(Ed. note: Maggi Sliwinski '07 of East Concord, N.Y., is among more than a dozen HWS students and faculty who headed for Siberia shortly after graduation on May 14. This is the third entry in her “Siberia Journal.”)
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I've almost been in Russia for just over a week now. We arrived in Moscow on the 16th of May and got to see the Kremlin and also St. Basil's Cathedral — the one with the colorful domes.
Our flight from Moscow to Irkutsk was cancelled and we were forced to stay overnight in Moscow in a very strange hotel in the middle of nowhere. It didn't really feel like I was in Russia until we arrived at the airport in Irkutsk. The terminal was basically a wooden barn with the different sections (i.e. arrival, baggage claim) were sectioned off with chicken wire. It was about degrees 40 outside when we arrived.
We met the families we'd be staying with that morning, and most of us headed to our homestays and fell asleep for four hours before classes. I'm in an apartment building with Elena, who works at the university, and her grandmother. We get lots of good food cooked for us; last night we had a flat pancake they called “bellini.”
We've been having language classes everyday in the mornings, some “Siberia Today” classes in the afternoons, and lots of visits to museums. At the Limnological Museum in Listvyanka, we got to see the Nerpa, the only freshwater seals in the world. Our professors tell us that we've learned a lot of Russian for the amount of time we've had, and that we're getting great pronunciation taught to us — our teachers speak only in Russian during class.
Irkutsk is a city of about 600,000 people. Most of the girls and women wear high heels everywhere, and they are well dressed all the time. We Americans stick out like sore thumbs because we're loud, dressed funny, and carrying backpacks around. Many Russians are very quiet; they speak quietly and it's considered rude to be noisy in public.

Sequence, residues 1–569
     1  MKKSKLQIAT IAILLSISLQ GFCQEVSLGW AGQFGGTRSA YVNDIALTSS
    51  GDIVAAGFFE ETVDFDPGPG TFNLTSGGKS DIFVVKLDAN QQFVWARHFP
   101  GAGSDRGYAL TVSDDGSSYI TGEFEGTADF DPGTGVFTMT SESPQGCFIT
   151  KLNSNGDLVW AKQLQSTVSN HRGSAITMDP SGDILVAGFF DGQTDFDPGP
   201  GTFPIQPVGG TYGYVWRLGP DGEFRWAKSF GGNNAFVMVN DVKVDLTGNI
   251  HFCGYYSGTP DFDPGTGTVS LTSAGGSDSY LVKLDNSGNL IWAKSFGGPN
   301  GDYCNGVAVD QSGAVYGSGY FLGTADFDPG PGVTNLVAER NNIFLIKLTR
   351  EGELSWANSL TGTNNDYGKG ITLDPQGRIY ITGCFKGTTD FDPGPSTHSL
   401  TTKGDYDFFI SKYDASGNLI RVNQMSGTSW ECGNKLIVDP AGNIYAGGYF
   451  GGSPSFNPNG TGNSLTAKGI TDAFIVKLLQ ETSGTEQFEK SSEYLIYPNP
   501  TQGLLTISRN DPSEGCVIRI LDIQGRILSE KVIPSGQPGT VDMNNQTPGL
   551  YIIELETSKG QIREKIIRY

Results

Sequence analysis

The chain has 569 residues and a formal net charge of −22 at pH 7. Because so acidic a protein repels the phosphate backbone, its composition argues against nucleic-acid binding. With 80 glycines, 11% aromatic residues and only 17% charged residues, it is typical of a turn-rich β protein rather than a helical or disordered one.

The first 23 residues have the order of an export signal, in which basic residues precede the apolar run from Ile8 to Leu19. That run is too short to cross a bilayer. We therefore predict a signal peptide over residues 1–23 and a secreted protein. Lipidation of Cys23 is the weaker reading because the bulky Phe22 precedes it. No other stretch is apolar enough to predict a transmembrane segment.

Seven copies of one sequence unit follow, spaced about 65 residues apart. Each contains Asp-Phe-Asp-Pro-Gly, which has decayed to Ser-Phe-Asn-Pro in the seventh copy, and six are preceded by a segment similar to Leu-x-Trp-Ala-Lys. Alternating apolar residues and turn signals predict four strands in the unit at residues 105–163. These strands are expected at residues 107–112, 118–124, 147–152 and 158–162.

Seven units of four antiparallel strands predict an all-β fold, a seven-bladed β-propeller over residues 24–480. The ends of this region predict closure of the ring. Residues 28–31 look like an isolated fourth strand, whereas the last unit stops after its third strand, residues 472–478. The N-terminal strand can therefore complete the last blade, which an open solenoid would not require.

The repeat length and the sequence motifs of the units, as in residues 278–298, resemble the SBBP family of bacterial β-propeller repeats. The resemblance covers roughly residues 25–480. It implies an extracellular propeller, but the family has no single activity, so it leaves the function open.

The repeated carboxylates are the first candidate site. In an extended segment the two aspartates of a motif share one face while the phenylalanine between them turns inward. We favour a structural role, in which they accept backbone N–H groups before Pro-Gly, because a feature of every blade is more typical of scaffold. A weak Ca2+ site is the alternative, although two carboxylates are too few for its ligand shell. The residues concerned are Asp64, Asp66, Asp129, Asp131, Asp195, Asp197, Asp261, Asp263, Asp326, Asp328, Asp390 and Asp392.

Yesterday we had a meeting with university students about environmental issues in Irkutsk and Russia, and we got into some good discussions about what they can do to initiate some “green” thinking and acting. There was a German exchange student in the room who said that Russians do a lot of talking but not much acting, and most of the Russians agreed with this, and said that maybe it was due to their upbringing and the former Soviet policies.
The food here was at first a little hard to deal with, lots of fish and mayonaise, and Russians don't distinguish between breakfast and other meals; so, for example, I was served cucumbers, crab and mayo for breakfast the first morning. I've gotten a little more used to it, plus my host seems to be dealing better with my eating habits. We also drink a lot of tea; it comes after every meal and sometimes in between.
This first half of the trip has been lessons in the language and learning about the city, the second half will be more about the environment and nature. I'm looking forward to that because it's more oriented toward what I'm interested in. I hope to send pictures when I return to the states, and probably won't be able to write again until we return home: there is limited access to Internet and little time to write.